‘Meet people where they are’: Douglas County peer support program expands to library, housing authority
photo by: Lauren Fox
“Check,” Derek Mecca’s challenger told him Thursday in the lobby of the Lawrence Public Library.
Mecca moved his king one place to the left. His opponent nodded, a recognition of a move well-made. Minutes later, his challenger departed from him with a loss, but for Mecca, the real victory came simply from the friendly interaction with a stranger.
Mecca can be seen in the library three times per week, often with a chess set before him, waiting to welcome his next challenger. He’s one of the Douglas County peer fellows, and a sign at his table says, “Feeling down, lonely or just need to vent? Talk to us.”
photo by: Lauren Fox
The peer fellow program, as the Journal-World has previously reported, is a year-long internship-type experience in which members of the community who have experienced mental health issues can give back by helping those who are undergoing similar challenges. Previously, the fellows worked solely in the emergency department at LMH Health. At the end of October, the program expanded to the library and the Lawrence-Douglas County Housing Authority.
Mecca, who previously worked at the hospital, started setting out a chess board at his table at the library to encourage people to come interact with him. Whereas everyone Mecca worked with at LMH Health was in crisis, that is not the case at the library.
“My thought was, how do I create an opening for people for interactions?” he said. “Just walking up to somebody and saying, ‘Hey, you’re struggling, would you like to talk?’ wouldn’t be appropriate, so I thought, ‘Well, maybe if I have something to do with somebody it would be less intimidating.'”
Mecca said he’s found that he’s been interacting with people who might not otherwise sit down with him, simply because they want to play chess. That in turn is enabling him to start conversations with his challengers about peer support and mental illness.
“I see people who are struggling with something, and, since we’re at the library, they end up talking about books or maybe asking for certain suggestions,” Mecca said. He helps people find books on the subjects they are struggling with, and he said he’s recently thought of a way he could do even more.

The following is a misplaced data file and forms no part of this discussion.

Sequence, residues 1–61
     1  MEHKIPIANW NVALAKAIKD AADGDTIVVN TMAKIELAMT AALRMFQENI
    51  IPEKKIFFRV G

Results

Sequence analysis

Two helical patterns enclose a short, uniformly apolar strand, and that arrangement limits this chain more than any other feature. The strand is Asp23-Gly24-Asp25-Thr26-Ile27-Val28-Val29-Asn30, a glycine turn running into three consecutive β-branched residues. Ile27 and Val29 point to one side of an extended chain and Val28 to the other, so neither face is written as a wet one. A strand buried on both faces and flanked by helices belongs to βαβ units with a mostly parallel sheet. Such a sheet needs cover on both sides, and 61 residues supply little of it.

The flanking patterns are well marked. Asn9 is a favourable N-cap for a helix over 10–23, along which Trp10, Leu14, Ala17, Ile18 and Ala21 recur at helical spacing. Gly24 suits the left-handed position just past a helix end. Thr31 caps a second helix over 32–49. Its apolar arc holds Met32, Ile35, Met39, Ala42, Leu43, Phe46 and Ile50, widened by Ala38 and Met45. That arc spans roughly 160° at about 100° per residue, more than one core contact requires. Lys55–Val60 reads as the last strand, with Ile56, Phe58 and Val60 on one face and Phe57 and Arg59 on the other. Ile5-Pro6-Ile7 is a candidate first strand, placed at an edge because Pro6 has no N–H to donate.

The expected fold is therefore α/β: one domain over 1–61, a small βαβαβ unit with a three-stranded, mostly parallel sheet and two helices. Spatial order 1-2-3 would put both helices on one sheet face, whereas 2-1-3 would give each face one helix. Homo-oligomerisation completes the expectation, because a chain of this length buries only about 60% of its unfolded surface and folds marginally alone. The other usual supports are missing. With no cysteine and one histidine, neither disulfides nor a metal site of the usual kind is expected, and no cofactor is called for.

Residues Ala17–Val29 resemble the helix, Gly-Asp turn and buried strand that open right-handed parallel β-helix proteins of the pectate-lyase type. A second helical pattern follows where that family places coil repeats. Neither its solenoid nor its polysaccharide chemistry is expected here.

“I was even thinking I could check out the same book that I recommend to somebody and read it, too, and expand my own knowledge on the different things,” he said. “Because I don’t know everyone’s struggle. I don’t know all of it.”
Mecca said mental health has been a subject of his entire life, and that he has suffered childhood trauma, loss and abuse.
Bob Tryanski, Douglas County’s director of behavioral health projects, said the peer fellow program is an effort to integrate peer support across the county’s system of care.
“That means having people with lived experience, who are able to draw on that lived experience to connect, to build trust, and to really provide support for people who are in the community and who are struggling because they have a serious mental illness or they have an addiction issue,” he said.
There are currently 11 peer fellows. Three work at the library, and two work at the housing authority. The rest work at the hospital, where the program started.
The program’s expansion to the library and housing authority is helping peer fellows meet and interact with members of the community before they find them in moments of crisis at the hospital.
“The idea is, ‘Let’s get out into the community and meet people where they are,'” Tryanski said.
At the housing authority, peer fellow Cindy Sturm said she enjoys building relationships with the people she works with.
“I have one client that I take to the grocery store every week,” she said. “We talk about ways to manage her symptoms while we’re on the road.”
photo by: Lauren Fox
Like Mecca, Sturm also previously worked as a peer fellow at LMH Health, and said she enjoys being able to see her clients through more than just their stay at the hospital.
“To be able to have a relationship with someone is more fulfilling to me than the brief encounter at the hospital,” she said.
Shannon Oury, the executive director of the housing authority, said the peer fellows have been bringing a new perspective to the organization and made it more welcoming.
Similarly, Melissa Fisher-Isaacs, who coordinates the peer fellows at the library, said she believes the library staff appreciate having the expertise of the fellows, who are better trained to handle social work.
Bill Reilly is the peer support program manager for Bert Nash Community Mental Health Center. The program has come together through the joint partnership of numerous organizations, including Bert Nash, Douglas County and DCCCA.
Reilly said he’s been “amazed” at the work the library has done to promote the program. It has developed “talk to us” posters, as well as “talk to me” pins for the peers who work there.
The library marketing is specifically meant to be broad. A person doesn’t have to have a mental illness to talk to a peer fellow.
“You could be a teenager who’s having problems with mom or dad,” Reilly said, or you may just need to “rant about your job.”
He said the peer fellows’ job is to support the community, whatever that may look like.
And it might simply look like a friendly game of chess in the library lobby.